New Leadership..New Attitude..New Goals

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Audrey Sawers shadows a Harvard midfielder

As I write this article,  Lafayette College is in the midst of a search for a new athletic director. Bruce McCutcheon, the current AD is retiring and all indications are the new AD will be in place by the beginning of the new year. Dr. McCutcheon has seen an evolution in sports not only at Lafayette and the Patriot League, but in college sports programs in general. The effects of Title IX, needs for improved facilities, and the advent of merit aid in the Patriot League has had the effect of altering the landscape for Lafayette  and colleges similar to it.

By all measures, the facility issue has been gradually addressed. Lafayette has met those challenges with field, locker room and infrastructure improvements through the generous support of an active engaged alumni donor base. That improvement has been broad based, respecting every sport and it’s participants. Not only have we seen upgrades in the “major” sports, but virtually every sport has seen the impact of capital improvements over the last decade.

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The last 20 years have seen major improvements in women’s sports facilities, not only because of the requirements of Title IX,  but because it was the right thing to do. I graduated in 1967,  women did not arrive until 1972, and progress in that area was slow and grudging. However, by the turn of the last decade, due to administrative attention, women’s sports have received equal attention.

The evolution of the school to merit athletic aid has not been as smooth. As the league adopted merit aid, Lafayette was not only slow, but the debate caused harm to the experience of student athletes during the era. One could not expect Lafayette student athletes to compete in a scholarship league without the ability to offer excellent student athletes the same opportunity as other schools in our peer group. We were the last to adopt athletic scholarships in the Patriot League.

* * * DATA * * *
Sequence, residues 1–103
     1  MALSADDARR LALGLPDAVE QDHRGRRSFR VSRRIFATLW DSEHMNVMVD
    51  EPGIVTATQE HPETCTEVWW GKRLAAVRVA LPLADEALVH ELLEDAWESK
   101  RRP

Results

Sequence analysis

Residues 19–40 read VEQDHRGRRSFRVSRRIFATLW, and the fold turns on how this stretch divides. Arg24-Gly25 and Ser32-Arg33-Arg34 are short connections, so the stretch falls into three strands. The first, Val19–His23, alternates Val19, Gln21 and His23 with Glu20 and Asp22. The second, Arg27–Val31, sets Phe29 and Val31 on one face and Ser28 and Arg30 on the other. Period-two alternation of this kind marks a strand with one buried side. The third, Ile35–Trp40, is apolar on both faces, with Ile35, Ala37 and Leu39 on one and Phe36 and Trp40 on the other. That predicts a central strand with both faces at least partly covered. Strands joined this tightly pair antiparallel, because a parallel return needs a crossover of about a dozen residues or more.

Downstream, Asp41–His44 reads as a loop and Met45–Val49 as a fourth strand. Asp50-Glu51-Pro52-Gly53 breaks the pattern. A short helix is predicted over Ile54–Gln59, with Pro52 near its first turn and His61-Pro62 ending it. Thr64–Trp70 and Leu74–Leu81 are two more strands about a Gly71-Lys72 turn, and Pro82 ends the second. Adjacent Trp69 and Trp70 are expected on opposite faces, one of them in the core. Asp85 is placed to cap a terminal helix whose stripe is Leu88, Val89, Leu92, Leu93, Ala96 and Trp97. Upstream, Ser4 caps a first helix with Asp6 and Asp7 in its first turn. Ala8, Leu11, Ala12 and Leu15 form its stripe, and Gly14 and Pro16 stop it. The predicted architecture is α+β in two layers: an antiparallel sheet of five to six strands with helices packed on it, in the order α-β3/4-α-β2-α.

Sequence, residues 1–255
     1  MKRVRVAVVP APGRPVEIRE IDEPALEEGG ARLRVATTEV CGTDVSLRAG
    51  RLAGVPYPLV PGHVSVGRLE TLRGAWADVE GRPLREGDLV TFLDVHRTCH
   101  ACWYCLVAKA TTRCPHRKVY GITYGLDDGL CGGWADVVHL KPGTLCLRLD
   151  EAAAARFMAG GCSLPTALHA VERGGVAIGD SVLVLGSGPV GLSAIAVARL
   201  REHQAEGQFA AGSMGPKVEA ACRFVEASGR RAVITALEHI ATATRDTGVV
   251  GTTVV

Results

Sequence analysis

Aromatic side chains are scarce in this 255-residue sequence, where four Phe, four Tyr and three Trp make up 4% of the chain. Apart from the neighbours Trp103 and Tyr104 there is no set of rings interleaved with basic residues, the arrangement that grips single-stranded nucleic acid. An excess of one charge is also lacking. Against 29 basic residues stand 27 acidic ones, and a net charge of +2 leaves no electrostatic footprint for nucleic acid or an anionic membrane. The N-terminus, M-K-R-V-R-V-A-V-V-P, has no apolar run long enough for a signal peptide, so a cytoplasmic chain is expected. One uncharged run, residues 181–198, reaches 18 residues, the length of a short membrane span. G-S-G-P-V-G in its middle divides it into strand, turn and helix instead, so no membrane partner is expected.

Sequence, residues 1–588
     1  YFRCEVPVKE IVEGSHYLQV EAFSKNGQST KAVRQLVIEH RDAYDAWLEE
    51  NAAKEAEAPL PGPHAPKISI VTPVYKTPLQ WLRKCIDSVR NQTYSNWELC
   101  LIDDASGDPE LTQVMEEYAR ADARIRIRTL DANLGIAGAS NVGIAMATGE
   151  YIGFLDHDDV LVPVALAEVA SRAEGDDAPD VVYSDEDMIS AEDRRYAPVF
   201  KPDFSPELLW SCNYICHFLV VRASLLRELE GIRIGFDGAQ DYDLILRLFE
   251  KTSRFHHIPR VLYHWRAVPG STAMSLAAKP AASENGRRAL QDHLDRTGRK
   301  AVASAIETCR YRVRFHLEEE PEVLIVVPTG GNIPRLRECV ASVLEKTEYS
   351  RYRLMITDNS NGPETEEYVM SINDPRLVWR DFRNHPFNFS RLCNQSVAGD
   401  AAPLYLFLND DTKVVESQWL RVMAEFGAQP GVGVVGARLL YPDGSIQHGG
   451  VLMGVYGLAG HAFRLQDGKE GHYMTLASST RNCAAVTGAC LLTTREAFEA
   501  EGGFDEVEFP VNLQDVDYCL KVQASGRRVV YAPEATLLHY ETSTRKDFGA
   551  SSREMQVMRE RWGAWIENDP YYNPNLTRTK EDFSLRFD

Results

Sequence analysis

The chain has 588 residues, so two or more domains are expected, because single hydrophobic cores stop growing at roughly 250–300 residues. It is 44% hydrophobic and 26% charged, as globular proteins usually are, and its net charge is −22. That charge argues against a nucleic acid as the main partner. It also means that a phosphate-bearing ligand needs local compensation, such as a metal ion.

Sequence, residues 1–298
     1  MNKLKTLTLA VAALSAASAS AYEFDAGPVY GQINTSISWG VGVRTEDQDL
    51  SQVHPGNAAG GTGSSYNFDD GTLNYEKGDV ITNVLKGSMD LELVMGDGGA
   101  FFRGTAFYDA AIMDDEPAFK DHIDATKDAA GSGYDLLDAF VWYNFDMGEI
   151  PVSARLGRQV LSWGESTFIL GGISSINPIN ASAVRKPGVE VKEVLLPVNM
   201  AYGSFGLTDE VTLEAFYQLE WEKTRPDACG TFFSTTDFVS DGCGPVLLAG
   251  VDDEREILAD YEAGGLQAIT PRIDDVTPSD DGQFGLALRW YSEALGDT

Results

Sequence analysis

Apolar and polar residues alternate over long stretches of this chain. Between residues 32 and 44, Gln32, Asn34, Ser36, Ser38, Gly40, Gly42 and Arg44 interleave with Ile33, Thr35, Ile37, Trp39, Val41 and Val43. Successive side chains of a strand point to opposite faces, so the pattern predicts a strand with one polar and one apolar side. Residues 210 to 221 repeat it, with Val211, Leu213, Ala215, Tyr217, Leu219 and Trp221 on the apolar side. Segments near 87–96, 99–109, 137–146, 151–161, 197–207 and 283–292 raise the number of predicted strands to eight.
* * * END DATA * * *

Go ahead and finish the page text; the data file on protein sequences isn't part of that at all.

The debate was bitter, and it still has its internal wounds on the psyche and culture of the school. However, even the most diehard opponents have come to see that our present student athletes represent the best of us. As a group, their GPA is higher, and as alumni they are stronger givers as they succeed in life. Student athletes are more in demand in the job market, and as a group they receive higher starting salaries than other students with the same GPA. By every measure, they are good citizens, and strong representatives of Lafayette to the outside world.

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However, there is a missing piece. It cannot be said that we have a complete program without success on the field. Yes, we have had Patriot League Football Championships ( the great win over Lehigh in Yankee Stadium was a highlight even though it wasn’t a championship year), NCAA appearances in Men’s Basketball, two back to back League Championships, NCAA appearances and  national rankings by the Field Hockey Team, but in the last five years a winning record in any of our sports has been a rare occurrence.

Somehow, the mention of winning has not appeared in the goals and mission of the athletic department. Our student athletes are entitled to that goal, and consistent failure to reach those winning goals can impact everything that follows, fundraising, school spirit and yes, even recruitment for non athletes.

We have met challenges in the other successful elements of our sports enterprise. We must now fearlessly make winning a clear objective, not winning at any price, but by also upholding our standards and culture. There are those who may say we cannot accommodate winning and our character. To those, I would point to the schools with the most NCAA championships…Stanford and Princeton. Not that shabby I would submit.

We are in the right league that has the right values, and it is in our best  interest to find a way to succeed. This week we will be interviewing the final candidates for AD, I want to hear him/her  say FEARLESSLY, that winning will become part of the mission statement and there will be plan to get us there. The new AD should not do it to impress a boss, or make other college employees happy, but to support our student athletes in meeting their goals and give them an experience worthy of their effort and abilities.

The last interviews are this week. I look forward to the outcome. Outside of President this is the most important appointment the college can make!!

GO PARDS

Published by

William Rappolt

I am past chairman of the Lafayette Friends of Field Hockey and a former BOT member at Lafayette College. My wife and I are members of the Board of Trustees for USA Field Hockey Foundation. I am the retired treasurer of M and T Bank Corporation and a 20 year fan of Division one field hockey

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